The other night, I saw After Fall, Winter, a recently released film starring Eric Schaeffer and Lizzie Brocheré. When it was over, I couldn’t stop weeping, and I still want to cry when I think about it. Although it was mauled by critics, I thought it was a courageous, well-acted movie with a plot line that surprises and an ending that rivals that of Romeo and Juliet. One thing is for sure: It is not for the lily-livered.
I won’t go so far as to recommend it because you’ll blame me if you hate it. But, I do want to say something about a scene that lingers. In it, Schaeffer’s character Michael is talking to Brocheré’s Sophie about whether or not she believes in a God who watches over and guides her, and she tells him she thinks God has better things to do with His time.
“Like what?” he asks.
As one whose faith in the Divine has for so long careened between tepid and on fire, I was stunned by this response in the way I am always surprised by an idea that compels me to reexamine what it is I think I know. Although I had come to believe that the notion of a God nosing around in the affairs of mortals was nothing more than a human construct designed to soothe, I see now that the idea of a God tending to matters more important than those of His creations is equally limited. Both perspectives anthropomorphize that which cannot be known in any ordinary way.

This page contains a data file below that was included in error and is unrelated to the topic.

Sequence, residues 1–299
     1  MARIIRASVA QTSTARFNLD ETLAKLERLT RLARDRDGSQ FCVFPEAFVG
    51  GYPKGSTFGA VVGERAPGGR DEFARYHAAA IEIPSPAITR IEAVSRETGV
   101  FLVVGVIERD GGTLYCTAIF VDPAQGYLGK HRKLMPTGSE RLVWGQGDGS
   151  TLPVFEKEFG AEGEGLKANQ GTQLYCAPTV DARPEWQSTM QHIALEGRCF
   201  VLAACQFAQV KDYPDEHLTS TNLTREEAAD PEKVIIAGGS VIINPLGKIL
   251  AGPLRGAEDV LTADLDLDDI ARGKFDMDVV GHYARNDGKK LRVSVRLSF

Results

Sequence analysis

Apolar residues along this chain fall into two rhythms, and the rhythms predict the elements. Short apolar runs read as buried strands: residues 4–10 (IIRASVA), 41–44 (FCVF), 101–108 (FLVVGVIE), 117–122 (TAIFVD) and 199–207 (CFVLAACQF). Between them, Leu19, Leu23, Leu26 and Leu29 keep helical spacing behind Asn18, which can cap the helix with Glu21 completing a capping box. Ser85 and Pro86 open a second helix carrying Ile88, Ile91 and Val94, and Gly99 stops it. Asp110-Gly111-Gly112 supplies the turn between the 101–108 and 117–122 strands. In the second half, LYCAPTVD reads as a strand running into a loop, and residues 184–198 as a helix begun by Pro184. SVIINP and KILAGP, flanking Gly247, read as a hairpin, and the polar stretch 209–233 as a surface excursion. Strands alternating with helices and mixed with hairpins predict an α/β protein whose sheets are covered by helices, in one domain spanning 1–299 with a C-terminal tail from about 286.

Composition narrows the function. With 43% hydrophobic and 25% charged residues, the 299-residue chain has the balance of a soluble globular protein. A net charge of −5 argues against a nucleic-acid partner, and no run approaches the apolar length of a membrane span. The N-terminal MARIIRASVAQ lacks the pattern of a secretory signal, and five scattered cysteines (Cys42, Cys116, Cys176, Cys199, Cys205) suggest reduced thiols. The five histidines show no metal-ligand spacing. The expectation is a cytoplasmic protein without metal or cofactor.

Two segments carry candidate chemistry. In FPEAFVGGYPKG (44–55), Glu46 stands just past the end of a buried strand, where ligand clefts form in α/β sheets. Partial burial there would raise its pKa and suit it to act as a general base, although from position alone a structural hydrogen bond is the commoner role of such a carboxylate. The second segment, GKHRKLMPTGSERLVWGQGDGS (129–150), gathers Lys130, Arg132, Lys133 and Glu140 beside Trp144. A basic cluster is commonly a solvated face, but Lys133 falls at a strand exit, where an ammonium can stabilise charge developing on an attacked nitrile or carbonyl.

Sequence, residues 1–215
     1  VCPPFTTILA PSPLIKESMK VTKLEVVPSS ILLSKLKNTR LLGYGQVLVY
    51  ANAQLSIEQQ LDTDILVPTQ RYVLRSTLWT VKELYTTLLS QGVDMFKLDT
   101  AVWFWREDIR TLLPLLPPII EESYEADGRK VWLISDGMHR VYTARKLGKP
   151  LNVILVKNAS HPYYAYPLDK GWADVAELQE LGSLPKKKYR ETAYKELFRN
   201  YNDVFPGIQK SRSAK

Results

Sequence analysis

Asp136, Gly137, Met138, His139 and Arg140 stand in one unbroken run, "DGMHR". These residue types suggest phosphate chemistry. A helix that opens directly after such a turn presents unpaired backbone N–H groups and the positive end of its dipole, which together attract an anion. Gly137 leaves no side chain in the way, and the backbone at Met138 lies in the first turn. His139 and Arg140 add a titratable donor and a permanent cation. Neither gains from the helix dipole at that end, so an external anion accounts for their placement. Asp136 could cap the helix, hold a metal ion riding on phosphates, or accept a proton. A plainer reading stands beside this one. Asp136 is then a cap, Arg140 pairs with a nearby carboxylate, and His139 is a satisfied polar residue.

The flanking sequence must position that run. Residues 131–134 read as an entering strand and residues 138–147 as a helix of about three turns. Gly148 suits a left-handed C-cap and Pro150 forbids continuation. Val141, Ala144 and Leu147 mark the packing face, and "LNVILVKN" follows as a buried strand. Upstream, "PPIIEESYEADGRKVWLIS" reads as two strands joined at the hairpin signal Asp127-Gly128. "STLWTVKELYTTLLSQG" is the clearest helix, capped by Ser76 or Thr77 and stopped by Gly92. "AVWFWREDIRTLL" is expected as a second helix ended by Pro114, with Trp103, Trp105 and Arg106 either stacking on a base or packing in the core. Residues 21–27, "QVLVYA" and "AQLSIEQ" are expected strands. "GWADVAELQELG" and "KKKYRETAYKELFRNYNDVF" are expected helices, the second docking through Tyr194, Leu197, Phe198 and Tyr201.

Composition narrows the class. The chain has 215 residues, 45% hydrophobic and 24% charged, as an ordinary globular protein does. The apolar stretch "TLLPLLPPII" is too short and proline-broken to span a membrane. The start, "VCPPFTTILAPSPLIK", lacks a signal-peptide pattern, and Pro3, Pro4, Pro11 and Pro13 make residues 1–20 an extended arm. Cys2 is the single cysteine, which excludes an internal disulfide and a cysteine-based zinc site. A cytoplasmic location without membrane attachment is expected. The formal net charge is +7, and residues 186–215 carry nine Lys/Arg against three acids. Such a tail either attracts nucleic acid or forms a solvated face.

Some months back, I had the good fortune of meeting up with another idea I could never have come to on my own. I was listening to a very interesting interview with Saul Perlmutter, an astrophysicist at the Lawrence Berkeley National Laboratory who won a Nobel Prize for work that advances the idea of an expanding, rather than a contracting, universe. At one point, interviewer Terry Gross said something about how frightening it is to contemplate a universe that goes on forever.
Dr. Perlmutter said it is just as frightening to contemplate one that does not.
A few days ago I was driving behind a banged-up Ford Escape. I can’t help but get my back up about all of the unnecessary SUVs and trucks on the road, so I was snarky even before he leaned out of his window to spit and then seconds later flicked out a lit cigarette. In all my days I have seen only one woman spit in public, but nearly every day I am made to watch some gentleman deposit his glob in the street or on the sidewalk.
A man spitting in full view is not unlike a dog lifting his leg to pee on a tree or a tiger spraying the ground with his scent. In the wild, an animal must mark and defend territory if it is to survive and to sire the next generation. So, when a man hocks up phlegm, especially when potential rivals are nearby, he is likely driven by the same biology. But, it is overkill. Now, he has many other ways to claim what he thinks belongs to him. He has assault weapons, for example.
If a spitting man only knew how unsexy his spitting was, he would recognize it for the self-defeating behavior it actually is. After all, if it’s progeny he wants, he’ll first have to get the girl.